In spite of everything he has heard, Bougainville remains convinced that his Giaconda is still alive, a belief that only strengthens when he sees the painting once again; after all, as he says to Leonardo, that smile appears to be immortal. Here is a snippet from the painter’s response.
“…Every smile is a mystery, not only of itself, but in every other respect too. But I have no clue to this mystery. I know not what she is smiling at. […] Only the real is perfect.” And after a pause he added, “Not until the woman in this painting becomes real will it be said that she really smiles.” (pg 42)
Coming in at around eighty pages, Mona Lisa is a brief yet very satisfying story. As such, I’m a little wary of revealing too much about the plot. Let’s just say that Bougainville goes on a mission to discover whether his Giaconda is actually dead or still alive, a sequence of events that results in all manner of mayhem for our protagonist and his companions.
This is a very entertaining tale of the captivating power of art, of how we project our own emotions and feelings onto the images we see before us. It’s a charming tale about love, life, and the search for beauty. There are other pleasures to enjoy too, not least in the author’s descriptions of the Florentine milieu. In this scene, Bougainville is visiting the Basilica di Santa Croce in search of Giaconda’s tomb.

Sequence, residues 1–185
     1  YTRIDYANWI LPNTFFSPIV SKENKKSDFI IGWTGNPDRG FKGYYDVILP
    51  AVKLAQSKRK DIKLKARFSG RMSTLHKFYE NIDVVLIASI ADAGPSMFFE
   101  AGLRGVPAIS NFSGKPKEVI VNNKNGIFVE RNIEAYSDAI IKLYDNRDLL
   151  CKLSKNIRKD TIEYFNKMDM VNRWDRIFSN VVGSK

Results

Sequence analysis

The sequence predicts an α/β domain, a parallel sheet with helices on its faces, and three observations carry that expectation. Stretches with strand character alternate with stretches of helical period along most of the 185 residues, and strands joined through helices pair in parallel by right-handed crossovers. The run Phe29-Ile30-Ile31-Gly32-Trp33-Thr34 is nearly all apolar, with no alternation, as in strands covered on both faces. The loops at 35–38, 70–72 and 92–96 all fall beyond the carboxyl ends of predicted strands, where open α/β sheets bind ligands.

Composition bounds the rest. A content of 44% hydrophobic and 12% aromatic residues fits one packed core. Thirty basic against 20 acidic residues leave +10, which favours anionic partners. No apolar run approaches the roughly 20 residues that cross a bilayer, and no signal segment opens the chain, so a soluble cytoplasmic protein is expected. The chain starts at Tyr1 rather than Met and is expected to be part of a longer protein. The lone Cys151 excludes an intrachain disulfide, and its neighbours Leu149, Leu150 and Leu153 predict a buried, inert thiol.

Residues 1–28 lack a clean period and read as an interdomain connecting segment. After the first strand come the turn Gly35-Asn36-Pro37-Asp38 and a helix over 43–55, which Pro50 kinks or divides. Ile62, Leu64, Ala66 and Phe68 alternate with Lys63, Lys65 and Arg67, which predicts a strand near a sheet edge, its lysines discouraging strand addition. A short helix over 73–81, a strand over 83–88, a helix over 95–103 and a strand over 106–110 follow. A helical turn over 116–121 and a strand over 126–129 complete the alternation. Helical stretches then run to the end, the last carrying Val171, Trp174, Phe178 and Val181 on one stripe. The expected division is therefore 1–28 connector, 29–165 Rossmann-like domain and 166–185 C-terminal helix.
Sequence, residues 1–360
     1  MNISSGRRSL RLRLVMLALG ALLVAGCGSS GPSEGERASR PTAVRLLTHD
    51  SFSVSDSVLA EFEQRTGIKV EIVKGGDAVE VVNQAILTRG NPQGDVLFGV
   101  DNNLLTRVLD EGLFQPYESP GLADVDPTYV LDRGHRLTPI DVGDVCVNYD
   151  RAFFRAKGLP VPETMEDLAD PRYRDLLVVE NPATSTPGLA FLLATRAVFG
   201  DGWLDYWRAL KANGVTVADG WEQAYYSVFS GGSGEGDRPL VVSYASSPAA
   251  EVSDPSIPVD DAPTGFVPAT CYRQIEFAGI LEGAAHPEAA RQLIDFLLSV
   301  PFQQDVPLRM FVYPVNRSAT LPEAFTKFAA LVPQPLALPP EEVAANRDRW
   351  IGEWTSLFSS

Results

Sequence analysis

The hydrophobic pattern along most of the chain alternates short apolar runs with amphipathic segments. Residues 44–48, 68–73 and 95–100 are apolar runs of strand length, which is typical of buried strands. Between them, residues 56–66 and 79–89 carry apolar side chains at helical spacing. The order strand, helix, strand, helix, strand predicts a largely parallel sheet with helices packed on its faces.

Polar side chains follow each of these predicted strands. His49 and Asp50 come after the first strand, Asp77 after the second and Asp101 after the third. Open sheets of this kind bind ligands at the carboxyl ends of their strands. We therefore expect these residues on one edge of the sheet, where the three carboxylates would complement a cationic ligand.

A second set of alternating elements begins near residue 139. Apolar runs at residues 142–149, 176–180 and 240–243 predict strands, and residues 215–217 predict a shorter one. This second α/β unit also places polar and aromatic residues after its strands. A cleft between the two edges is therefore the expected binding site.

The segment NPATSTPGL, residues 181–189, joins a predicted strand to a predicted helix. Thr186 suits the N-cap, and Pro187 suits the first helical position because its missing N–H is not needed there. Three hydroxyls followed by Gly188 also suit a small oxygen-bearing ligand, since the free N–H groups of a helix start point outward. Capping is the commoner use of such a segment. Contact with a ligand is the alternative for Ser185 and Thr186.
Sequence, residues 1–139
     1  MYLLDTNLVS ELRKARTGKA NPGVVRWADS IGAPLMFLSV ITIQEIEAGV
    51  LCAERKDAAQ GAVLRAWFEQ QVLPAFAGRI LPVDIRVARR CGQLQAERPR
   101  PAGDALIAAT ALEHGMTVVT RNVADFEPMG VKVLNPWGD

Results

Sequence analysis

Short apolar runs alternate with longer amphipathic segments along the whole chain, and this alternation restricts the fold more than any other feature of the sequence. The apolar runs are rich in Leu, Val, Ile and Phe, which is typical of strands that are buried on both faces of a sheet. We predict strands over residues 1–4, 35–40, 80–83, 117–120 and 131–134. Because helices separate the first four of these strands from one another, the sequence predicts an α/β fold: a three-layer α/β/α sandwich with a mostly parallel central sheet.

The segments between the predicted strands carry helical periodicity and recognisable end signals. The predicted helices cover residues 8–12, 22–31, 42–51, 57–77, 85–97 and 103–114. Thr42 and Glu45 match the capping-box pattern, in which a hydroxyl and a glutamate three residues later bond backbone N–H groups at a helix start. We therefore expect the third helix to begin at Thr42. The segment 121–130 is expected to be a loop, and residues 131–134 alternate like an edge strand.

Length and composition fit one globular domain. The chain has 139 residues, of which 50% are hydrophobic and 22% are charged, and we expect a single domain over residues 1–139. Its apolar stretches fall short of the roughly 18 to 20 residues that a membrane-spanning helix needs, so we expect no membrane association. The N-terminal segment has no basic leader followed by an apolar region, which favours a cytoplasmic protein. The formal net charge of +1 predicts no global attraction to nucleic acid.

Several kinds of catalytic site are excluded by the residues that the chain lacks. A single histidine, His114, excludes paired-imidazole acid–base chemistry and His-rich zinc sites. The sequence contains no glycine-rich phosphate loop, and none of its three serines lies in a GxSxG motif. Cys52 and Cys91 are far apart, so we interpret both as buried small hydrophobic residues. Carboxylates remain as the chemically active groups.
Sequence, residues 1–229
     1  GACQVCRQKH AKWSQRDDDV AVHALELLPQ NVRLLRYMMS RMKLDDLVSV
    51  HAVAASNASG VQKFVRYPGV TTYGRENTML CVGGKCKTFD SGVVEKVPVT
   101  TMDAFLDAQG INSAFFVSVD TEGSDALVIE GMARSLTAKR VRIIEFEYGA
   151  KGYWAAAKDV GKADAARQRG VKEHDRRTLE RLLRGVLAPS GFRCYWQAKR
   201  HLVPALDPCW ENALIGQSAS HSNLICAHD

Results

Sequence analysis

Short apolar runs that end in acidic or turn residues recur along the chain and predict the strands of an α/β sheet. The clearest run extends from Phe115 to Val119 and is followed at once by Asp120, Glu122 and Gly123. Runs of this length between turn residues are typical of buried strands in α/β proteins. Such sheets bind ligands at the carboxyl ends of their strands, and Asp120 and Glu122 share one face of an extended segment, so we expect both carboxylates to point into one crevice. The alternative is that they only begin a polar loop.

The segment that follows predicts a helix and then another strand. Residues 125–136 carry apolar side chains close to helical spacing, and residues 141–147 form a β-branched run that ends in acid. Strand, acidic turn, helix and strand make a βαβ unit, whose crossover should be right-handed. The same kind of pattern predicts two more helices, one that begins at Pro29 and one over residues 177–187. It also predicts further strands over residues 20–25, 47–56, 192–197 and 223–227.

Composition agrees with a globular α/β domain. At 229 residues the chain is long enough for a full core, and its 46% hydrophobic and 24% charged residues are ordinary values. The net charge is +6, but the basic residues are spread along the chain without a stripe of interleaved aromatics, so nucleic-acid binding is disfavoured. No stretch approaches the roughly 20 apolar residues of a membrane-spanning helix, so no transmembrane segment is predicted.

It was about midday when, accompanied by a servant who carried a garland of dark red roses, he entered the church. The Mass that was in progress was for late risers, the “scented Mass” as it was known, attended by richly turned-out and heavily perfumed nobility who actually came only to see and be seen, to criticize, to laugh and to gossip. As for the priest and what went on at the altar, no one bothered in the slightest. (pg. 45)
As well as being a very prolific novelist, Lernet-Holenia was also a screenwriter, and it shows in Mona Lisa; with its witty storyline and lively dialogue, this story would transfer very well to the stage or screen.
Before I finish, just a few words on the physical book itself. This lovely Pushkin Press edition is beautifully illustrated by the graphic designer Neil Gower, whose wonderful little sketches are dotted throughout the story. As per usual with books in the Pushkin Collection, it is a gorgeous little thing – definitely something to treasure.
Grant (of 1streading) has also reviewed this novella.
Mona Lisa is published by Pushkin Press – first published in German in 1937. Source: Personal copy.